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I would guess that the following is true, and that somebody has worked it out, but I don't recall ever seeing it. Can anyone point me to any literature on it?

Let $G$ be a finite group. We know that there is a functor 'equivariant suspension spectrum' $X\mapsto \Sigma^\infty_G(X_+)$ from $G$-spaces to $G$-spectra. It seems that there should be another such functor $A_G$, 'equivariant Waldhausen $K$-theory spectrum'. The fixed point spectrum ought to split up according to conjugacy classes of subgroups of $G$ just as for the suspension spectrum: $$ A_G(X)^G\sim \Pi_H\ A(X^H_{hW_GH}) $$ ($X^H_{W_GH}$ is homotopy orbits for the action of $W_GH=(N_GH)/H$ on fixed points of $H$.)

On the one hand when $X$ is based and connected then there should be a description of $A_G(X)$ that makes it a special case of a $K$-theory of structured $G$-ring-spectra.

On the other hand there should be a splitting $$ A_G(X)\sim \Sigma^\infty_G(X_+)\times Wh^{diff}_G(X) $$ where the other factor is related to equivariant pseudoisotopies and $h$-cobordisms.

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2 Answers 2

I did a little work on this problem in Bielefeld in 1991, based on a suggestion by Waldhausen.

Let $G$ be a finite group. The algebraic $K$-theory $A^G(X)$ of the category of finite retractive $G$-spaces and $G$-maps over and under $X$, with $G$-homotopy equivalences as the weak equivalences, does indeed have a Segal-tom Dieck style factorization in terms of non-equivariant $A$-theory, indexed over the conjugacy classes of subgroups $H$ of $G$, as you describe. This follows from the additivity theorem. However, I was unable to realize this as the $G$-fixed points of a $G$-spectrum $A_G(X)$.

If you naively define the latter as the algebraic $K$-theory of the $G$-category with the same objects as above, but consider all (not necessarily $G$-equivariant) maps under and over $X$ as morphisms, and take the non-equivariant homotopy equivalences as the weak equivalences, then its $G$-fixed part $A_G(X)^G$ is instead the algebraic $K$-theory of the category of finite retractive $G$-spaces and $G$-maps, but with respect to a coarser notion of weak equivalence, namely a $G$-equivarant map whose underlying map is a homotopy equivalence

There was some interest in trying to prove a version of the Segal conjecture for this theory, i.e., to see if $$ A_G(X)^G \to A_G(X)^{hG} $$ is an equivalence after suitable completion. This could then contain the original Segal conjecture/Carlson's theorem about $Q_G(X_+)^G \to Q_G(X_+)^{hG}$ as a retract. I observed that in general there could not be such an equivalence for a version of $A_G(X)$ satisfying the Segal-tom Dieck splitting $$ A_G(X)^G \simeq \prod_{(H)} A(X^H_{hW_GH}) $$ and the other expected formula $$ A_G(X)^{hG} \simeq F(BG_+, A(X)) $$ (for $X = X^G$, probably). The argument used your (Goodwillie's) computation of the derivative of $A \colon X \mapsto A(X)$ in terms of $\Sigma^\infty(\Lambda X)_+$, to see that the derivatives of the two right hand sides above were not equivalent. Basically free loop spaces do not commute with Borel constructions. So my conclusion was while the Segal conjecture could hold for one space, it would then mostly fail in a neighborhood of that space.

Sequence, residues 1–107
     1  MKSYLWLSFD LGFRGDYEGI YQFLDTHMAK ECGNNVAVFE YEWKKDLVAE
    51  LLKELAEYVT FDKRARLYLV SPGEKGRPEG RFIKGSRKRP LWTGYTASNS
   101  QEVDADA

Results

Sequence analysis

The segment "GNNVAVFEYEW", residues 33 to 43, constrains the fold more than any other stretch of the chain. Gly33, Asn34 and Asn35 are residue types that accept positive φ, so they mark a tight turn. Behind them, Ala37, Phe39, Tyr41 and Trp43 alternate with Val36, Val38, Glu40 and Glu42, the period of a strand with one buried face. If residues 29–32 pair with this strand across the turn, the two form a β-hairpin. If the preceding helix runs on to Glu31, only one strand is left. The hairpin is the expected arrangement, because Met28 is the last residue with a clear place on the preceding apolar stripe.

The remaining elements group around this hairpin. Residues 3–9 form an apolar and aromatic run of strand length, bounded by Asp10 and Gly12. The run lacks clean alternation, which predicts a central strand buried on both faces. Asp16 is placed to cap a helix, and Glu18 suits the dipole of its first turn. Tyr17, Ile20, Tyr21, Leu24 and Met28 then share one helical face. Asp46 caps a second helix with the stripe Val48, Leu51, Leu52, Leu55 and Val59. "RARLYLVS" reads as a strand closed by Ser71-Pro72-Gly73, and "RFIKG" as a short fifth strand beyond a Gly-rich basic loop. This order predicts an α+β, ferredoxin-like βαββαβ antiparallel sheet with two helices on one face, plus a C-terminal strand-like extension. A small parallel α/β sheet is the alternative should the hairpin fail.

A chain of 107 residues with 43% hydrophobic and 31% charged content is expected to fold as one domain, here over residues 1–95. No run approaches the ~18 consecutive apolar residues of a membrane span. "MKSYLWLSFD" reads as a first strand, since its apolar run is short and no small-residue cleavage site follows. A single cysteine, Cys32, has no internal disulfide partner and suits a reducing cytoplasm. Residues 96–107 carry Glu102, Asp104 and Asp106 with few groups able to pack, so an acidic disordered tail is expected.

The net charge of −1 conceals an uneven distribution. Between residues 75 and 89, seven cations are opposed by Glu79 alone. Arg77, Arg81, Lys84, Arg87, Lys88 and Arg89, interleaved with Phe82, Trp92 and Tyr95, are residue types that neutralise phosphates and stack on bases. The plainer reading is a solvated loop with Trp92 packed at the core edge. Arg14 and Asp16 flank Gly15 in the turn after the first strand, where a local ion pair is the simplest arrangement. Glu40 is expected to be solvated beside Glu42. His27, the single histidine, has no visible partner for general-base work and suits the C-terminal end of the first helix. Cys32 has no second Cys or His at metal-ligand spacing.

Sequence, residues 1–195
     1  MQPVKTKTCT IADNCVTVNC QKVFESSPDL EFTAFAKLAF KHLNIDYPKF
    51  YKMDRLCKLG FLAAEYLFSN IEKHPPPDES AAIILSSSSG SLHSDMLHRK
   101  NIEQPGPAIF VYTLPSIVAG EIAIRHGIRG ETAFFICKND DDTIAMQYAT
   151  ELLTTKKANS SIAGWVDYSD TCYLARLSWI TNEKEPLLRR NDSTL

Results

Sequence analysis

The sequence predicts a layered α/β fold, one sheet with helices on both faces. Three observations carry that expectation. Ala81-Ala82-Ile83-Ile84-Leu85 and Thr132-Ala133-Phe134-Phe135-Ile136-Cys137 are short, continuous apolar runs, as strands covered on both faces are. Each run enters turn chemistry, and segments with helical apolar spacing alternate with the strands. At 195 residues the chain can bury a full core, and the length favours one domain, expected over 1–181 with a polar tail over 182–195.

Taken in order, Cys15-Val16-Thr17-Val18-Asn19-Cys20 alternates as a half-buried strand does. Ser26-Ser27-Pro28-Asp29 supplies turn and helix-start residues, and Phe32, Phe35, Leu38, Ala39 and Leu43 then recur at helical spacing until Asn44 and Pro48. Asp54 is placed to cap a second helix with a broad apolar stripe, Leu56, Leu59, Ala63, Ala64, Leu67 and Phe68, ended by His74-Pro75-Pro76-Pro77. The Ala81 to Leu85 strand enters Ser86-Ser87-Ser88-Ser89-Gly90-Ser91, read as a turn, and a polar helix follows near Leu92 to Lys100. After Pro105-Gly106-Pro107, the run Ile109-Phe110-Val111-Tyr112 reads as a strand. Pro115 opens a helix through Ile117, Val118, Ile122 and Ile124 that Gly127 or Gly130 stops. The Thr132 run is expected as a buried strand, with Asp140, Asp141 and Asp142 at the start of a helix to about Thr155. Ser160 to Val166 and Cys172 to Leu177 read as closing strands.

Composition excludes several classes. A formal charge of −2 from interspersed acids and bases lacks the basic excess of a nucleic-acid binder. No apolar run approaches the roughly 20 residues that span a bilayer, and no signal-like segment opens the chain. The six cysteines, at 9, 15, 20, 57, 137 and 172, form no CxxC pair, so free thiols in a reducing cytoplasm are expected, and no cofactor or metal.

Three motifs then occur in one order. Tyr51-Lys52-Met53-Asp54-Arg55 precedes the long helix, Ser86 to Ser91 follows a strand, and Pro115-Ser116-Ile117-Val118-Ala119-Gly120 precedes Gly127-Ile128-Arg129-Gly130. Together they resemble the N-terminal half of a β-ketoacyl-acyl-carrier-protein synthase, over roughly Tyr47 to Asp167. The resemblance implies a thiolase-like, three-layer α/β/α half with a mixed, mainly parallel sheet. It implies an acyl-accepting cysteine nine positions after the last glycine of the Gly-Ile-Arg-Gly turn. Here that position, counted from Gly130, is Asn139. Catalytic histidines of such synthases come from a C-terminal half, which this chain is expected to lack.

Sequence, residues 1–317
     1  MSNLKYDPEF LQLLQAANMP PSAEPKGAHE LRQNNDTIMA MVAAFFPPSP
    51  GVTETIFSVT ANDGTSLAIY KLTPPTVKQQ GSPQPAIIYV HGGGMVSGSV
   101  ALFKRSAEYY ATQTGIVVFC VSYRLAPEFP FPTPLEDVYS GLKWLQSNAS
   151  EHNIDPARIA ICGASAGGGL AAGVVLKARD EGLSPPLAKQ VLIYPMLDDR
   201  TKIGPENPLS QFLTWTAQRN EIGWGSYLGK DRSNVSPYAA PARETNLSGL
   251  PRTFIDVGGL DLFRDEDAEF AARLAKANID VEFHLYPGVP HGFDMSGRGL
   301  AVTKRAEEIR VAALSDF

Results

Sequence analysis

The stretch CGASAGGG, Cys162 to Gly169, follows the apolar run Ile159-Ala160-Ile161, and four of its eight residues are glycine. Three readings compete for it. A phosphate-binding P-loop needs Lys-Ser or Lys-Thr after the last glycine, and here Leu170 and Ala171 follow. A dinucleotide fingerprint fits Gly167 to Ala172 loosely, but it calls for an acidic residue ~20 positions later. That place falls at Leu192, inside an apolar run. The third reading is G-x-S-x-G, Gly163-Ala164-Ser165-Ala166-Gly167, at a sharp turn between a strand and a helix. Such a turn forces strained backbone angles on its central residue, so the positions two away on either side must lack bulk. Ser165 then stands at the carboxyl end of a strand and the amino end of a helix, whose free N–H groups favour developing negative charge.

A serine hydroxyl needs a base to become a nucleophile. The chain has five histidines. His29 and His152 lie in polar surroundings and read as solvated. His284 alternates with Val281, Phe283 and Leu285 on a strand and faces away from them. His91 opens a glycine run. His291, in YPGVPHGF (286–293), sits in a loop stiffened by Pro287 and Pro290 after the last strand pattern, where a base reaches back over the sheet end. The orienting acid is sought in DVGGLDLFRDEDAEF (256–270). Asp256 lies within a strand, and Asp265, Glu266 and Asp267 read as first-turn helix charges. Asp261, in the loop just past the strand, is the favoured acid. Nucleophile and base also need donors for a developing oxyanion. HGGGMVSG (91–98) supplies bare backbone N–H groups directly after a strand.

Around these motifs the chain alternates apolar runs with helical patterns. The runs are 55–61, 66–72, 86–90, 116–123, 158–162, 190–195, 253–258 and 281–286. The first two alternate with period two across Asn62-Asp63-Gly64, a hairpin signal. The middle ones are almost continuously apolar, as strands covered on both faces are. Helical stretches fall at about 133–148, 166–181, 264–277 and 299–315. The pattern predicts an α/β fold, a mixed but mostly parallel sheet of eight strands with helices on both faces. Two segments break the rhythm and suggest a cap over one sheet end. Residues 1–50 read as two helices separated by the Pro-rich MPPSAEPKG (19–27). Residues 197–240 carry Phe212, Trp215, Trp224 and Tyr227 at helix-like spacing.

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Are you aware of the work of Mona Merling? She's a student of Peter May who will be graduating in a year. She's done lots of work on equivariant algebraic K-theory, and I saw her give a talk about this back in April. Her thesis breaks down into two papers. The first is on the arxiv and covers the space-level considerations. The second is more likely to contain what you're asking about, but it hasn't been put online yet. I don't have my notes from that talk on me, but I seem to recall it was a bit subtle and one shouldn't assume everything works out as in the non equivariant case. My recommendation would be to email her and see if this statement is true.

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Another good person to ask is Angélica Osorno. Also Anna Marie Bohmann. I'll ask her tomorrow if I remember...Oh- Clark Barwick has also probably thought about this. That exhausts my list of names of related humans that I know of... –  Dylan Wilson May 17 '13 at 5:45
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Thanks, Dylan. If none of them can help me, I'll ask you about non-humans. –  Tom Goodwillie May 17 '13 at 10:54
    
Tom, that's a great question and a fine thesis topic or two. Mona is working on several related things, one of which is to understand equivariant Waldhausen theory. She knows how to construct a genuine G-spectrum from suitable Waldhausen G-categories, but not yet how to show that it is an Omega G-spectrum, if it is. As David writes, her motivation is equivariant algebraic K-theory (and number theory). Equivariant Waldhausen A-theory is as yet unexplored as far as I know, and you are right that it should be interesting. We are also working on structured G-ring spectra, of various types. –  Peter May May 18 '13 at 3:39

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